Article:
Uribe vehemently denied the allegations, and held up his administration’s record number of drug kingpin extraditions as proof of his commitment to fighting drug trafficking. The US government stood by Uribe, acknowledging the authenticity of the report while maintaining that its content was unproven and not backed by any investigation.
In 2007, however, another US intelligence report was leaked to the Los Angeles Times, this time by a Central Intelligence Agency (CIA) official described as “unhappy that Uribe's government had not been held more to account by the Bush administration.” According to the report, a separate unnamed Western intelligence agency found that in 2002 Uribe tasked his defense minister, General Mario Montoya, with leading a controversial counterinsurgency push in the city of Medellin. Montoya’s campaign, known as “Operation Orion,” apparently relied heavily on support from the United Self-Defense Forces of Colombia (AUC), a right-wing paramilitary coalition with known ties to the drug trade. The CIA report said Montoya planned the operation with AUC commander Fabio Jaramillo, a confidante of paramilitary leader Diego Murillo, alias "Don Berna."
Montoya, the local police chief, and Jaramillo all allegedly signed documents laying out the blueprints for the security strategy. While the operation successfully cracked down on guerrilla activity in the area, at least 14 people were killed and dozens were reportedly “disappeared.”
Following his reelection in 2006, allegations of paramilitary links in the Uribe administration began to snowball, and by the time he left office in 2010, numerous top officials in his government had been implicated in the growing “parapolitics scandal.”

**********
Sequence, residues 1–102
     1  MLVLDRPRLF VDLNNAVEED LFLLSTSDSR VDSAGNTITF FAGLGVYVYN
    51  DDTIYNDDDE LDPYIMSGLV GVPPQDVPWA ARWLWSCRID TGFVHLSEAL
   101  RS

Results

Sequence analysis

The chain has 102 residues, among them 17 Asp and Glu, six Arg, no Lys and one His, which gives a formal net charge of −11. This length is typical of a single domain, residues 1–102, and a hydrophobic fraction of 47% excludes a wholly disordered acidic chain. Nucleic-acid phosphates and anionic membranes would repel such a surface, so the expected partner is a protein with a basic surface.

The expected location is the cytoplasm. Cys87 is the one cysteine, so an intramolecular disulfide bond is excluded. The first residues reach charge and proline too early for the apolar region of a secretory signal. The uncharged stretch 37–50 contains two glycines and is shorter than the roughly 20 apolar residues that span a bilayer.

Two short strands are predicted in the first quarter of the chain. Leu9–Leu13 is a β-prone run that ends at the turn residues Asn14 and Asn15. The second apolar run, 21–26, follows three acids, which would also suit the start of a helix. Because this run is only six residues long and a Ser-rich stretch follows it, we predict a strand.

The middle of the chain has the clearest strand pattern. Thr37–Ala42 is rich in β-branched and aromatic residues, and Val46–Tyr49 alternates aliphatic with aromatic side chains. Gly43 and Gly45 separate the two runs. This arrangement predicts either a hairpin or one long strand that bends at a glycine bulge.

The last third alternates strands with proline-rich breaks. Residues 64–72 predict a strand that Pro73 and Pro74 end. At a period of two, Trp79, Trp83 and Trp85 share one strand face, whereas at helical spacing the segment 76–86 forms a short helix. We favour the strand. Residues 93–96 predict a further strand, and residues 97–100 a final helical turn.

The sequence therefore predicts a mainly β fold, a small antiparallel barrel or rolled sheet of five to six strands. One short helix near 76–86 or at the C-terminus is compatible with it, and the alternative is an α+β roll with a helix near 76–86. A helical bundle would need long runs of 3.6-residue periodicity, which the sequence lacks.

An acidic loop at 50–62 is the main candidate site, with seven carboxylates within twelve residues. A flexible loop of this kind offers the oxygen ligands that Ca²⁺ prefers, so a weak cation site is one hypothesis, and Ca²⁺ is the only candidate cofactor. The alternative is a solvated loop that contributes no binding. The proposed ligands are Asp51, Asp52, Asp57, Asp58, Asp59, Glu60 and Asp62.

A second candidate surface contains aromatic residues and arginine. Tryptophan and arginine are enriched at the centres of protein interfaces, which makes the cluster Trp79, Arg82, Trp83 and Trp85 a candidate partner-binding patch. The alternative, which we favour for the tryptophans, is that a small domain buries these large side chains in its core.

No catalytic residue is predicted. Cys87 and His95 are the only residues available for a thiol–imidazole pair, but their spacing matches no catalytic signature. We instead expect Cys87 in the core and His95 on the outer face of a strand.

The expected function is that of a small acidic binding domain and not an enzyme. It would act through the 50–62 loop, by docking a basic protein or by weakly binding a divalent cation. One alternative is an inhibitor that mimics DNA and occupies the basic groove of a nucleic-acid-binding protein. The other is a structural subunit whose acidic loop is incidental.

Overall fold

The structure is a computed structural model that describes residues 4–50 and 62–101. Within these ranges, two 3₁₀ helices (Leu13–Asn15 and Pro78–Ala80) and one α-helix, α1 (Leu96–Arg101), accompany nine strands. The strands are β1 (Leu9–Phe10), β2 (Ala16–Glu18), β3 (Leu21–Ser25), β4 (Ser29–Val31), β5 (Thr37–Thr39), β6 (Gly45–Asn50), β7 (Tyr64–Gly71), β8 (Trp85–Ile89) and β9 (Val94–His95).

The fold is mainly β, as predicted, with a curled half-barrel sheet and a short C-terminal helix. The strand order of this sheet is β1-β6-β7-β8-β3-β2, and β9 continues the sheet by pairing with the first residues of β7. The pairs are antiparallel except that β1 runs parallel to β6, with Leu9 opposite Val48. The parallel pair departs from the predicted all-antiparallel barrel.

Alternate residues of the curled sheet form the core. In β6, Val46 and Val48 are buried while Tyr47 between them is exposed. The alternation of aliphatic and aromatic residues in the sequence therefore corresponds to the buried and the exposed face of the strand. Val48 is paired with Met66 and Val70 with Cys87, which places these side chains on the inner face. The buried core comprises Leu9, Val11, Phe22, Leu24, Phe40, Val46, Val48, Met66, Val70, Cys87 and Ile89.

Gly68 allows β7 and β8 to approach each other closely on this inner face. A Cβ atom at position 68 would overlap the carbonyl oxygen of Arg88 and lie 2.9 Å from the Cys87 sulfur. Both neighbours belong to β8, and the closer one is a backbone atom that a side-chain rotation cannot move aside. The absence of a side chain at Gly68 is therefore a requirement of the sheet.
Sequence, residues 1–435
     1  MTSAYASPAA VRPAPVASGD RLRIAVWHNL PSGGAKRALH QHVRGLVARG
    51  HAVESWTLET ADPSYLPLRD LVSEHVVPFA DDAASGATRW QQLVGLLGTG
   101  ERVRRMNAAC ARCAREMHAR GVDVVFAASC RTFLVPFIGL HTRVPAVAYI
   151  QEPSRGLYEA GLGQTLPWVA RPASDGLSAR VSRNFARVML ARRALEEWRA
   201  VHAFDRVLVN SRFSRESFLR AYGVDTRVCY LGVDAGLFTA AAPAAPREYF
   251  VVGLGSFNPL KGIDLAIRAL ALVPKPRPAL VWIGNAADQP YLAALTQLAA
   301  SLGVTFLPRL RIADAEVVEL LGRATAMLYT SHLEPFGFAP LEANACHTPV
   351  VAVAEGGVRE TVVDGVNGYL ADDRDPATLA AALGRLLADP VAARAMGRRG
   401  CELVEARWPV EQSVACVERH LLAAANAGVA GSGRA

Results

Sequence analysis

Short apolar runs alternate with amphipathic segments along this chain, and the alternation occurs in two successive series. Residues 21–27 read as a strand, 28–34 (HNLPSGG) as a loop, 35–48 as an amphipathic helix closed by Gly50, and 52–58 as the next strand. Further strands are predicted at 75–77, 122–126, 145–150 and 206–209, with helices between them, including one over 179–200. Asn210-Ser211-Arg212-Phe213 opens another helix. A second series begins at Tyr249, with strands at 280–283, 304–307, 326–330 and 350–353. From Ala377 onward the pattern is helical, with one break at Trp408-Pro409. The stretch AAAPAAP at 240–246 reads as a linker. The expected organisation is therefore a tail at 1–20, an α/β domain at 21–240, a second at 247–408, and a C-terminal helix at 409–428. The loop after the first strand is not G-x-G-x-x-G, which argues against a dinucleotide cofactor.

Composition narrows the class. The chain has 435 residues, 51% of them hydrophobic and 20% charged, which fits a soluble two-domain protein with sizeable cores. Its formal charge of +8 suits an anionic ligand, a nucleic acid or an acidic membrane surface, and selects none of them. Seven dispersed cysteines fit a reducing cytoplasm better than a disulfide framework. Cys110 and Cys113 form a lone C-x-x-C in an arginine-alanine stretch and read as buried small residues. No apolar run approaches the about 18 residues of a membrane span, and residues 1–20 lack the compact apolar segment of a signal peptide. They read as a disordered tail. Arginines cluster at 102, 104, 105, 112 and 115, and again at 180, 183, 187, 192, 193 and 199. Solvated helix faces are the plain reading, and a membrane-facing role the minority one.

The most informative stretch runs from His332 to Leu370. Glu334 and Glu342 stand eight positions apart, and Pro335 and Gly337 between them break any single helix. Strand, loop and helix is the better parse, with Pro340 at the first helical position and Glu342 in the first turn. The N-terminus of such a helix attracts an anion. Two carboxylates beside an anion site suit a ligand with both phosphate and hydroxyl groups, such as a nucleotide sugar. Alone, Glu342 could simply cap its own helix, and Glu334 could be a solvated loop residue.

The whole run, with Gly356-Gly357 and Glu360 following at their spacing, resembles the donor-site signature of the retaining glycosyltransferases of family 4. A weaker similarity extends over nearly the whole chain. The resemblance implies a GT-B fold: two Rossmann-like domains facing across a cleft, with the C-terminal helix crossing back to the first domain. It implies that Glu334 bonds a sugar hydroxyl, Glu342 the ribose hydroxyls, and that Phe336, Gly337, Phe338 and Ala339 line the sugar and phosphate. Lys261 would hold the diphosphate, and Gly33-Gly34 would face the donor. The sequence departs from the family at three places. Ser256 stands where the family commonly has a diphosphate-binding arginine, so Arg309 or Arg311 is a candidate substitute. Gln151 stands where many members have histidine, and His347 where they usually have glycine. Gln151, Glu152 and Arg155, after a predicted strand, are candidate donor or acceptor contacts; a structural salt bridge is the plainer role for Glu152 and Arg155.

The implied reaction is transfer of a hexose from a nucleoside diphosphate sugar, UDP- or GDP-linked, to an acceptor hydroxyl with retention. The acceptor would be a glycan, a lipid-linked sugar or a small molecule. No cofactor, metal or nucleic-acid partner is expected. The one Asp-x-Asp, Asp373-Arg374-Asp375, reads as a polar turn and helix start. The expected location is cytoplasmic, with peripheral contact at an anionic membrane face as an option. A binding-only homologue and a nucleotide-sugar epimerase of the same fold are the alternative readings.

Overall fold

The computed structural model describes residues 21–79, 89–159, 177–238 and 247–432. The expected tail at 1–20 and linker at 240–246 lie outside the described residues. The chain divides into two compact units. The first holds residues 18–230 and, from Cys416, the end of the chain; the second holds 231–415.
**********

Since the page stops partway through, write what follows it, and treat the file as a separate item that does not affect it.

Even though several figures close to him -- like intelligence chief Jorge Noguera and Congressman Mario Uribe (a cousin of the ex-president) -- have been arrested for conspiring with the AUC, Uribe has maintained that he has never had any ties to paramilitary organizations.
This has been increasingly difficult for him, however, in light of recent allegations made by imprisoned AUC commanders. In January “Don Berna” testified that he met directly with Uribe aides, who asked him to clandestinely monitor members of the Colombian Supreme Court. In May another jailed AUC head, Salvatore Mancuso, claimed to have had a hand in Uribe’s 2006 reelection, providing logistical and financial support to his campaign. He also said that he had met with Uribe in person, although he did not provide any further details.
While a good many allegations have been leveled against the ex-president, it remains to be seen whether any of them will stick. The accusations have led to a congressional investigation into Uribe’s role in the wiretapping scandal, although it has made very little progress so far. Ultimately, Uribe has a made a convincing case for his innocence: he insists the paramilitaries’ claims are simply part of a political agenda, and that their testimony cannot be trusted. Considering that the jailed warlords have so far been the only witnesses against him, he will likely emerge from this scandal unscathed once again.